The paper discusses the continuing need for as a result of dwindling supplies of light crude constraints in marketing Canadian heavy crudes. the impact of government policy on the prospects heavy ail upgrading in Canada and discusses the economic In addition, it comments on for heavy oil upgraders.

Thank you Mr. Chairman. Ladies and gentlemen. I Am pleased and it is a great honour for me to be asked to address a gathering such as this again.

My address this morning - "Heavy Oil Development In Canada - The Need For Upgrading" - will first review Canada's petroleum reserves, then summarize the problem facing Canada regardi ng dwindling supplies of conventional light and medium crude oils and briefly describe Canada's refining capability. With that background, I will then attempt to analyze the problems that face heavy oil producers in attempting to market their product and propose a potential solution to these problems as illustrated by husky oil's approach - the construction of a heavy oil upgrader. I will close by sharing my views with you on the future of heavy oil development and the policy issues facing our governments.

Canada is in a unique position among industrialized nations - it has the long term potential to be self-sufficient in crude oil supplies.

In fact, at the beginning of 1984, Canada overall was exporting slightly more crude than it imported. However, this surplus situation can be misleading. While the potential for self-sufficiency is very real, in the short term Canada remains strongly susceptible to world wide fluctuations in oil supply and price in both the import and export markets.

At first glance, Canada's crude oil resource base is enormous. However. It is necessary to examine the make-up of this resource base in order to understand the canadian oil development scene and the concern for self-sufficiecyy. The oil reserves are comprised of approximately 10 percent conventional crude oil and 90 percent bitumen. Of the conventional crude oil, about half is in western Canada, with the other half in the frontier regions (arctic and atlantic offshore). Although Canada is in the early stages of offshore frontier development, western Canada currently produces all of Canada's crude oil, 87 percent from conventional resources and 13 percent from bitumen resources. Production from the conventional resource base is now in decline and there is virtually nothing that we can do to significantly extend these conventional resources.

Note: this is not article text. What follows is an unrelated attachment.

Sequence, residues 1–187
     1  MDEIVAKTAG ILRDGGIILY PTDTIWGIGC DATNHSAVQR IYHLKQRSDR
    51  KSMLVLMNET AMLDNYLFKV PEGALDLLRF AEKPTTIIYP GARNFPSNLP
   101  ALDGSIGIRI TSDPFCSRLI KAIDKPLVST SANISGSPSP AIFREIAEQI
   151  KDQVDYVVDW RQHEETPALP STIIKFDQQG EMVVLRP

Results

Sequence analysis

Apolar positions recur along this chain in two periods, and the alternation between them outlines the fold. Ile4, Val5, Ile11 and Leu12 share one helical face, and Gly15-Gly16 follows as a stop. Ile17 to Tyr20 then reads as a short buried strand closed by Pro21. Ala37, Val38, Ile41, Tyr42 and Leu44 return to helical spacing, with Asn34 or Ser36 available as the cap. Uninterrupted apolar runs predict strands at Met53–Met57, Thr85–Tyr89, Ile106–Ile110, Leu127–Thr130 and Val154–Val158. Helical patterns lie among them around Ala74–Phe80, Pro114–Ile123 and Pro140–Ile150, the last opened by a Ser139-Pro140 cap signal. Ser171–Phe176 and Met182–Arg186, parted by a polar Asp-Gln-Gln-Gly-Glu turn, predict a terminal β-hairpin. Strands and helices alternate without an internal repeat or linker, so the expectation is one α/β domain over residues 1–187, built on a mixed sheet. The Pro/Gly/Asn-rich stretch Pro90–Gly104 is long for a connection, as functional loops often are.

The National Energy Board forecasts that by 1995 (based on a price scenario of $27.00 U.S. Dollars per barrel in 1995) Canada's productive capacity of crude oil, including condensate, synthetic crude and increases due to future reserves additions, will fall from 1.3 million barrels per day to less than 800 thousand barrels per day. (The estimated reduction is approximately 500 thousand barrels per day, or 40 percent.)

In the same period, total Canadian refinery requirements for oil are forecast to rise from 1.3 million barrels per day in 1985 to 1.36 million barrels per day in 1995. An increase of 4.5 percent.

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